Emd F40ph

The EMD F40PH is synonymous with the Amtrak era of American passenger trains. Although it has been retired from Amtrak service, it operated for over 20 years. It continues to be the motive power for commuter railroads all over the United States. Over 400 F40PH locomotives have been manufactured by EMD in various configurations.

Introduced: 1991

  • The EMD F40C is a 6-axle 3,200 horsepower (2.4 MW) diesel-electric locomotive built by General Motors Electro-Motive Division in 1974 for commuter service in Chicago.
  • The EMD F40PH is synonymous with the Amtrak era of American passenger trains. Although it has been retired from Amtrak service, it continues to be the motive power for commuter railroads all over the United States, including the Chicago Metra. Over 400 F40PH locomotives have been manufactured by EMD, with the Chicago Metra owning the largest.
  • The EMD F40PH is a four-axle 3,000 hp (2.2 MW) B-B diesel-electric locomotive, built by General Motors Electro-Motive Division in several variants from 1975 until 1992 and used by Amtrak and commuter railroads on passenger trains. F40PH variants were also built by MK Rail and MotivePower Industries from 1991 until 2000.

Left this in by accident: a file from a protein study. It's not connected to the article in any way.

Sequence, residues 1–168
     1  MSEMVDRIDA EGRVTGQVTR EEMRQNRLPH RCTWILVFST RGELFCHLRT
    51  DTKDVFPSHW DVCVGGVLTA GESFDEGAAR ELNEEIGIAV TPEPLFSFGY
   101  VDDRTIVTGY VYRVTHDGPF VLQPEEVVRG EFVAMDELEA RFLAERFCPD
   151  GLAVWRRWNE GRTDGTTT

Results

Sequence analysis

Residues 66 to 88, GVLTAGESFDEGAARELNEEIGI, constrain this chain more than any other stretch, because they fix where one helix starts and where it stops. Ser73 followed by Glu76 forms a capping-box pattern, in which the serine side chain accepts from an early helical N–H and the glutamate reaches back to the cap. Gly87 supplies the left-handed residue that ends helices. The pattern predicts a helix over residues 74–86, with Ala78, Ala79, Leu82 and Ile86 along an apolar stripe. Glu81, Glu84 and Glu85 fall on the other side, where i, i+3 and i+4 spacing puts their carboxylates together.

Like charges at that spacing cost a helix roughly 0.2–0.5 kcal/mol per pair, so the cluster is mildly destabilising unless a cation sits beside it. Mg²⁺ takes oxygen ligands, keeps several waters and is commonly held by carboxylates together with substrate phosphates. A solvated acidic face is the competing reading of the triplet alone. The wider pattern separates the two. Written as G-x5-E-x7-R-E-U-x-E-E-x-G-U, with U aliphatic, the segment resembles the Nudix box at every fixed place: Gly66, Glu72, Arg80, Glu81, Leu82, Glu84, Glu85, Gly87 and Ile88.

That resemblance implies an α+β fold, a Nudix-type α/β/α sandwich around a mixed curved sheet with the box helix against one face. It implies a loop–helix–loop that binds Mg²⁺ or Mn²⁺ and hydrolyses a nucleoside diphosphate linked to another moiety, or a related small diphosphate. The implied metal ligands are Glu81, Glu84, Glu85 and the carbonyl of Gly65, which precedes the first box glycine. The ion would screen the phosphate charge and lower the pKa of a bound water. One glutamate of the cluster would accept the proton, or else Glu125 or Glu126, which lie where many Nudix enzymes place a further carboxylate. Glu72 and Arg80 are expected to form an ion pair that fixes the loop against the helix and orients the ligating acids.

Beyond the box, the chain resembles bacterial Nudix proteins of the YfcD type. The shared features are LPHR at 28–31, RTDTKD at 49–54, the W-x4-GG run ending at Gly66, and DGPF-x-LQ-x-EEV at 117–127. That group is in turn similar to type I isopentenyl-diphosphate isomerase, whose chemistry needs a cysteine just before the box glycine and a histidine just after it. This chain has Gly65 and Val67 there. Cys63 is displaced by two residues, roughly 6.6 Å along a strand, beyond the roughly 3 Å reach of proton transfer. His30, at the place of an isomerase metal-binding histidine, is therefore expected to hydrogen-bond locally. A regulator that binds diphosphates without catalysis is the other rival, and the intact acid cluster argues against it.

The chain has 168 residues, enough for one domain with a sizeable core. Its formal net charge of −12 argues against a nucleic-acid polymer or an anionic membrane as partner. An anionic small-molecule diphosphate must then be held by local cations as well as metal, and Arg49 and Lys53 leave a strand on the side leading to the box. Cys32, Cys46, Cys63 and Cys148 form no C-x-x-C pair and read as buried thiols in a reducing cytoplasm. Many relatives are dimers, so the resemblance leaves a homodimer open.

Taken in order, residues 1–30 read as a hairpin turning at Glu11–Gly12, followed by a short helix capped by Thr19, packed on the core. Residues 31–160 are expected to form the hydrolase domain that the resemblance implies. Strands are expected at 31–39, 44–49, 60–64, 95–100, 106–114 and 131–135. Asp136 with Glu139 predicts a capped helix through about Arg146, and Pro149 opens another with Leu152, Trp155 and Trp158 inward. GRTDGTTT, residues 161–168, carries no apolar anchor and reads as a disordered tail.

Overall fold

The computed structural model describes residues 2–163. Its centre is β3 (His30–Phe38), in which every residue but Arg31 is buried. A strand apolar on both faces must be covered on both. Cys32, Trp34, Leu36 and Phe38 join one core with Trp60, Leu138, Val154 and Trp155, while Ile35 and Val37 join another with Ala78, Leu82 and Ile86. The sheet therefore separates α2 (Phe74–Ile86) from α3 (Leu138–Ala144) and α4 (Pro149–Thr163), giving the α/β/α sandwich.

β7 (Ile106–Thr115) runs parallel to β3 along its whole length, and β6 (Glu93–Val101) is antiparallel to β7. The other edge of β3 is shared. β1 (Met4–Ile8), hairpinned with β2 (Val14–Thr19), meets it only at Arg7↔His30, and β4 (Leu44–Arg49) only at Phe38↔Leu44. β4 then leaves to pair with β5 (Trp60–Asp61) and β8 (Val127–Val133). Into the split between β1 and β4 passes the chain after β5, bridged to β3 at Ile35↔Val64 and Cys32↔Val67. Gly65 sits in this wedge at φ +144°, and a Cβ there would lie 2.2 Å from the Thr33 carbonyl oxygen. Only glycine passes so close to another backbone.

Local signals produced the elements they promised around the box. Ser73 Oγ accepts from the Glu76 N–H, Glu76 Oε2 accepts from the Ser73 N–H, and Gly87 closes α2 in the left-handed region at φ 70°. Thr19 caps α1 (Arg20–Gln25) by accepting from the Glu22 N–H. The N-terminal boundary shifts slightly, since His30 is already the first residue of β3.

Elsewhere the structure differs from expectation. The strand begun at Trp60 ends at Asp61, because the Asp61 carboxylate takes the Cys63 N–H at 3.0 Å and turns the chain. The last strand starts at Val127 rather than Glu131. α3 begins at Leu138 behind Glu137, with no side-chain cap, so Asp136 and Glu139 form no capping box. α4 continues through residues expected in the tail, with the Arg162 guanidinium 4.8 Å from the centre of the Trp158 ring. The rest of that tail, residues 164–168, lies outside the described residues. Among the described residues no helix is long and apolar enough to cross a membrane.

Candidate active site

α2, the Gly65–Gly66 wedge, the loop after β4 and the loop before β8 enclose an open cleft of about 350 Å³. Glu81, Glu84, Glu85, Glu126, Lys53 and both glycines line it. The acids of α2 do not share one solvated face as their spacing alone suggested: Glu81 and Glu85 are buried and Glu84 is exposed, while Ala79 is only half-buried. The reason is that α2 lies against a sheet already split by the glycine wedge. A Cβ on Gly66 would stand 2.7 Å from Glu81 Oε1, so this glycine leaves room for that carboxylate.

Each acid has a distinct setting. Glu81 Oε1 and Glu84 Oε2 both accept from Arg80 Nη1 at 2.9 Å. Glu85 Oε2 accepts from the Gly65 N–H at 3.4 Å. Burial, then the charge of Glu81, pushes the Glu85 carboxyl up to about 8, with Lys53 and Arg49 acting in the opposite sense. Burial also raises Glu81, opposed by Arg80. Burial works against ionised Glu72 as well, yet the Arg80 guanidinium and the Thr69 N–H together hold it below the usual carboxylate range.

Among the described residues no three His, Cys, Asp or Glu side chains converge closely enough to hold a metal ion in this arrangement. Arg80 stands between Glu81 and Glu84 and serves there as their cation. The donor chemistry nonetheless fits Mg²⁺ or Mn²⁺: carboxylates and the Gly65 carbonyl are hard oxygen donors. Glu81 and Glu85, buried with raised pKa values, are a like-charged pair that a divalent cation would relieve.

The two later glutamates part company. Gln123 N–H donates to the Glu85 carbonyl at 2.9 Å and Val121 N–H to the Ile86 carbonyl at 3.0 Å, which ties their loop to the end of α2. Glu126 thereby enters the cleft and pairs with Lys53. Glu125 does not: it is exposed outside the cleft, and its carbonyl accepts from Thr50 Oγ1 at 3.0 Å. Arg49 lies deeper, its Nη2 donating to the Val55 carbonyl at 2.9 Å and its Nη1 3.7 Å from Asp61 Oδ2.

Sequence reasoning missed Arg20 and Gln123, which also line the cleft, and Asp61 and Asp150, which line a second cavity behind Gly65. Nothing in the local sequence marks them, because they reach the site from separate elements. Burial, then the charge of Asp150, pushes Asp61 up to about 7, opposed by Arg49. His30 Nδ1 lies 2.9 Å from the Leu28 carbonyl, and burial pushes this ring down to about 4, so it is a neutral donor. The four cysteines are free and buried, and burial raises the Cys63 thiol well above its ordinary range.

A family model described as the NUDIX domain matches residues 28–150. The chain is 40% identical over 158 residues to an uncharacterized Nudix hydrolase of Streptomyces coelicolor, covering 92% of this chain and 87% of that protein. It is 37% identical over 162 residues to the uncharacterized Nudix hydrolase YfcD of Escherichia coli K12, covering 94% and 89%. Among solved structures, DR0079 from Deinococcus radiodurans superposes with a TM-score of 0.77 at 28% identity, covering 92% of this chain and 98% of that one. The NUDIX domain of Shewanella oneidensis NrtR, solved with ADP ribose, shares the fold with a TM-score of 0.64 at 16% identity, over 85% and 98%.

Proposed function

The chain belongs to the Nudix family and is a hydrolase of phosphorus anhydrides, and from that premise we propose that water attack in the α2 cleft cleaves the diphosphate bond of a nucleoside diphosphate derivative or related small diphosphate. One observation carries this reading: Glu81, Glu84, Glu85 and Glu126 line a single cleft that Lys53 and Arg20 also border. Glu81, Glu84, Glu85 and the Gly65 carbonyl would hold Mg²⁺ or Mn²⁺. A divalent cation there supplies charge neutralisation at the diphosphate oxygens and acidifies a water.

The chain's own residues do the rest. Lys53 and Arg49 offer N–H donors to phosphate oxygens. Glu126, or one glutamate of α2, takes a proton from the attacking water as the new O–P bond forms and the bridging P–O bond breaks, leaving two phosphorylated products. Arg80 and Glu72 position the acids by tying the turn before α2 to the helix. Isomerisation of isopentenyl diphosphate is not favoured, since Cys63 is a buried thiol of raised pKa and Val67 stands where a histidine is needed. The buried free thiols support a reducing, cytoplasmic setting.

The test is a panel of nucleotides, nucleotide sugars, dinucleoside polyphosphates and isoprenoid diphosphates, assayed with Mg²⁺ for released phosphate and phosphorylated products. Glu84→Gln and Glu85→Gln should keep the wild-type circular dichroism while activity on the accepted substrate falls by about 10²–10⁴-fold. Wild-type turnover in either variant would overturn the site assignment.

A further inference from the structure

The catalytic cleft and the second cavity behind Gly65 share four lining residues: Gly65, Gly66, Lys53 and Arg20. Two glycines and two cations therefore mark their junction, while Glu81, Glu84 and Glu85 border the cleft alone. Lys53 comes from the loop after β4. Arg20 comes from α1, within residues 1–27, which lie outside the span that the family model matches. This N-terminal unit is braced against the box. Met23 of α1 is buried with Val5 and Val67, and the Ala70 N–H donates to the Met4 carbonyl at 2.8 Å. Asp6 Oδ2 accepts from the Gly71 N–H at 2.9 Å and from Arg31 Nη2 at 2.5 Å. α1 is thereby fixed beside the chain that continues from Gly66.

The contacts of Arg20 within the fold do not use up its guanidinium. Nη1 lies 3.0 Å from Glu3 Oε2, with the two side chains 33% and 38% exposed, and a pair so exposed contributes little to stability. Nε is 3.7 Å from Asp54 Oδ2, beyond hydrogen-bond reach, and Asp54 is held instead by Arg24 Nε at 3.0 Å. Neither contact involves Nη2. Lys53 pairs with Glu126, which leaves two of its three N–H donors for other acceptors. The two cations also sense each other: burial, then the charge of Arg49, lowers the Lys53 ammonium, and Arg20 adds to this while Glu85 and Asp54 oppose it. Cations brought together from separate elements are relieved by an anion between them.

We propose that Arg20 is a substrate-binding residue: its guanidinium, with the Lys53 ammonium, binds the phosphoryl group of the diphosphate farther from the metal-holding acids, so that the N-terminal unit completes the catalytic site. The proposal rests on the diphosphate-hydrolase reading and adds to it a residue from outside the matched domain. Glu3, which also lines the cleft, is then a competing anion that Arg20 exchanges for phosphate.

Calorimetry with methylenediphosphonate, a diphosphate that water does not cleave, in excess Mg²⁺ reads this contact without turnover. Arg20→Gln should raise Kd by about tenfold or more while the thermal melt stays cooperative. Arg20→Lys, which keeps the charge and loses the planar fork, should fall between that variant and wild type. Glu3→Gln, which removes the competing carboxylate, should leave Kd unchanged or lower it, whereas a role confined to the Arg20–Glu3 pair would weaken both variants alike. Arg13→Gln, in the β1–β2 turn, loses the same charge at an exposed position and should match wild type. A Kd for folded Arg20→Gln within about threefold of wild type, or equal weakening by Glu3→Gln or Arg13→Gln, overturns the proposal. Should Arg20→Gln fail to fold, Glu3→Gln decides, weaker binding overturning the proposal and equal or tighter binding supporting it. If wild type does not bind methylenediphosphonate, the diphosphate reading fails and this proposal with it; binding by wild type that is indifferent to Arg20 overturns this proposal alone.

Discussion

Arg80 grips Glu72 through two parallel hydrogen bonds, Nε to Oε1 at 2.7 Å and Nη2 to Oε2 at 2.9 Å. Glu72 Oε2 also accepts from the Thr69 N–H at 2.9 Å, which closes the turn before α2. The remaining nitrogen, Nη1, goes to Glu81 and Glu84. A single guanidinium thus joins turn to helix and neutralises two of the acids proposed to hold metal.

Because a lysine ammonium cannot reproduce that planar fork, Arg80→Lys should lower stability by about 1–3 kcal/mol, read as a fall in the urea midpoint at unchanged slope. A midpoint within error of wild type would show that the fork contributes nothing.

This F40PH model was the third in a series of nice looking, decent running and (most importantly) affordably priced Life-Like locomotive models (all manufactured in China). Throughout the 1990s, the same basic chassis design employed in this model would eventually be recycled (more or less) in numerous other 'wallet friendly' Life-Like models - GP38-2, F7, BL2, FA-2/FB-2, and GP18. It was a good niche for Life-Like at the time - filling the void between Bachmann's line of cheapie trainset junk and the nice-but-expensive offerings from Atlas and Kato.

The chassis is all plastic and quite light. Ala-carte weights plunked atop each of the truck towers provide most of the model's weight. The motor is an open-sided, skew-wound, 5-poler. All eight wheels are geared and provide pickup (no traction tires). Current is transferred from the trucks to the motor via miles of wiring (two wires per truck). All gearing is plastic. The driveshafts are plastic with springs in the middle. Couplers are truck-mounted Rapidos (open pilots). A non-directional headlight sits underneath the forward chassis weight. The wheels are blackened. They're also low-profile, so no problems on Code-55 track.